I feel like you’re missing one of my favorite books; Get Strong at Tesuji, from the ‘Get Strong at Go series’.

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i would like to share some of my experience:
much of the learning, is done by trying out new moves in game, unorthodocs moves, and trying to understand why they are bad.
so my usual process after reading a chapter in a theory book, is to first try out the ideas of the book, and then try the exact opposite.

more over, while effort and study are important, remmember to have fun playing, when you eventually find yourself without the time to properly study and improve, try to play one or 2 relaxing games per day, maybe even 9*9 games, just as a way to keep what you learned so far alive. (i usually play a game or 2 on my phone, on the way to work)


@yebellz & @_oopsImStoned: Thank you very much! Both Tesuji and Get Strong at Tesuji are in my list—in fact, their entire series (plus Mastering the Basics)—for brighter times ahead. There are many things I would like to do right now—if I had my way, I would enroll in Blackies’s International Baduk Academy, for example—but I reckon things are never ideal, and sometimes they can be even less ideal than usual, but I will work with what I have, both to improve my Go and to expand my agency. I’m glad that I won’t be suffering from book buying disease any time soon. :P

@levav: I have one advantage: the sort of practice that others might consider drudgery actually delights me—going through GoChild’s problems, for instance, is making me feel like a kid again. Sometimes, and I don’t only refer to Go, I struggle to get the best answer, but the feeling when I finally, finally comprehend does more than compensate. But if the time comes when the evening starts interrogating me about the folly of keeping pressing ahead, and sadness sets in, I will fondly remember your advice. Thank you so much!

I honestly love you’re writing style, just had to say it.
and GoChild definitely has that effect. breaking through and understanding a new problem set, is so rewarding. at 6D tygem, i still havent managed half of the red problems ^^

@levav: I wrote this in my preface to the revised edition of 81 Little Lions:

As profound as Go is, there is one aspect of its beauty that even a complete beginner can appreciate: its community. In the short period since I decided to study this wonderful game, I have met many amazing, dedicated individuals who took their time to patiently teach and inspire me. I am truly indebted to every single one of them and they have my admiration.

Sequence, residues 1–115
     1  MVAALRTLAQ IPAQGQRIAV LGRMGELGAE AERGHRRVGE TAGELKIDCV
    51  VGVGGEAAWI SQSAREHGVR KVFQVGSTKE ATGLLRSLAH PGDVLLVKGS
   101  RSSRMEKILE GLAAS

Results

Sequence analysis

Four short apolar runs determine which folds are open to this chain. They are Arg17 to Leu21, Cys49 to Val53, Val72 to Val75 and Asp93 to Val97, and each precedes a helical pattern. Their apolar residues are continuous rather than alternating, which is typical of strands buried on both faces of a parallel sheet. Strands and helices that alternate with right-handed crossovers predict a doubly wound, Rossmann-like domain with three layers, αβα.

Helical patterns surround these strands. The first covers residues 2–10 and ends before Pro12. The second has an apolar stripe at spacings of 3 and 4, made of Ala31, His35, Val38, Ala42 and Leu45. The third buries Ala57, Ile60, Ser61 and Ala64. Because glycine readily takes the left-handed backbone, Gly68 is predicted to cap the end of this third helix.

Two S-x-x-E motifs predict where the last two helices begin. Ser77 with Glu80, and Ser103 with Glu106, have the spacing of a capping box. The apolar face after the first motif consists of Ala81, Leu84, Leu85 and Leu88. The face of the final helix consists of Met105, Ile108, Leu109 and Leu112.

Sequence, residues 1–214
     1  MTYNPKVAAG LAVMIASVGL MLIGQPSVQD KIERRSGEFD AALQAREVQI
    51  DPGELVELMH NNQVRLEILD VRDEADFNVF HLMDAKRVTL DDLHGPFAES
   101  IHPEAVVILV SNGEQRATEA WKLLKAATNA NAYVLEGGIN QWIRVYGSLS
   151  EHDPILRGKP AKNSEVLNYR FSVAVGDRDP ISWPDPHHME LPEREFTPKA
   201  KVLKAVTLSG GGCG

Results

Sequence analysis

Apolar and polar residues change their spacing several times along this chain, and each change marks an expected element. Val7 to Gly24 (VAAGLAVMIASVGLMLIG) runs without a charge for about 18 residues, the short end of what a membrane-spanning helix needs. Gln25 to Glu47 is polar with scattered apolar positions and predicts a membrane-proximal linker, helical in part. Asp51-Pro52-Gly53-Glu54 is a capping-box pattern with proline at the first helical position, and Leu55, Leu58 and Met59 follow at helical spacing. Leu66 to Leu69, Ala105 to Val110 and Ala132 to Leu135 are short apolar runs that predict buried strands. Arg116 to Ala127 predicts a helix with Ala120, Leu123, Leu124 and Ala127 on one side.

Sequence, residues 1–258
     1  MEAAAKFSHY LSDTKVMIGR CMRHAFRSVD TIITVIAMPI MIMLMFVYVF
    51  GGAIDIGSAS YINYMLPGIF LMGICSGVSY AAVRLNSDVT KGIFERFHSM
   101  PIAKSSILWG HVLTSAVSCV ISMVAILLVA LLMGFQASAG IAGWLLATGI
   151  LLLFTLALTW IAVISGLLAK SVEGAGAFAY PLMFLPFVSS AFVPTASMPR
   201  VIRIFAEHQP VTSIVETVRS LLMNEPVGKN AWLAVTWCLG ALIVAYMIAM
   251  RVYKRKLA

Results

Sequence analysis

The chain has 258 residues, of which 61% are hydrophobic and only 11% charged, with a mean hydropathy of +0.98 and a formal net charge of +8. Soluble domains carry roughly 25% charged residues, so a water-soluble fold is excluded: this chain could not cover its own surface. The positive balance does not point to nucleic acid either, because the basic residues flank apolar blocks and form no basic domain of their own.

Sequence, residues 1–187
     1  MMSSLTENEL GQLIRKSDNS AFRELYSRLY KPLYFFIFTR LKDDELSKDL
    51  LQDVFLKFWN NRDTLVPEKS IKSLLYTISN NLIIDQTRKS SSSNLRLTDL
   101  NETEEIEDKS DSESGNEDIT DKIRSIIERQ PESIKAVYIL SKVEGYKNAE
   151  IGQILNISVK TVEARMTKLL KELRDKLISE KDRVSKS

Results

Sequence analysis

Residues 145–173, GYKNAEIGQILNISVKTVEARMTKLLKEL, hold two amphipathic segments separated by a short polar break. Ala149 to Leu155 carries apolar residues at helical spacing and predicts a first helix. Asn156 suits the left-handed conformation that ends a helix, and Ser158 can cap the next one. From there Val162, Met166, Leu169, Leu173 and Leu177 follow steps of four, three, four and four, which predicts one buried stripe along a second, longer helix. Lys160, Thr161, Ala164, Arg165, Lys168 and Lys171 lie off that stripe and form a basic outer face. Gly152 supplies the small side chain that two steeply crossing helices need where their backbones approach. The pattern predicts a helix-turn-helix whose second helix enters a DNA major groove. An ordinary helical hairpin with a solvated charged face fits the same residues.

Not a single day passes that someone here won’t remind me of those words and prove them true with their kindness and dedication—as your post just did. Thank you. Thank you all. :slight_smile:

And, you know, after finishing the sets of problems about ladders and nets on GoChild, I figured I might as well rewatch White Heat:



If I had never begun reading stuff that was way over my head I’d never have learned all that I have learned.

I remember how I got my first own computer in 1988 … and I immediately subscribed to some German Atari ST magazine … and I did not understand ONE WORD, not one acronym (I mean, RAM and HD etc.). Came the 3rd issue, I had begun understanding a little more, and a few years later I was sort of an allrounder, knowing several operating systems … and I slipped into design and print media, sidewise, no formal training whatsoever, even later I was a certified instructor/lecturer/teacher for print media design professionals <shrug>

I believe that enthusiasm, together with curiosity and perseverance, can take you ANYWHERE.

And to @lucasfelix: I can strongly recommend most all books by Robert Jasiek, and I suspect that especially his First Fundamentals helped me to progress from ~17k to ~9k in relatively short time. It was not directly after reading, though … I think these things need to be “fermented” in our “subconscious” for a while.
Very systematic, and IMO he has an awesome clear way of writing (even though in his earlier books his English was sometimes a bit clumsy).

I had Jasiek's page bookmarked but wasn't planning to get any of his books any time soon, since I couldn't find many used copies online and wouldn't be able to afford new ones. But I didn't know they were available as PDFs. This is just great!

By the time I finish Lessons in the Fundamentals of Go and Opening Theory Made Easy, I should have enough to buy First Fundamentals—and his Fighting Fundamentals, which I’ve seen you also recommending to a fellow Brazilian, sounds like a very good follow-up to Attack and Defense.

Thank you very much, @trohde!

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You’re very welcome, @lucasfelix, and please let us know later what you think of all those books!

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I will!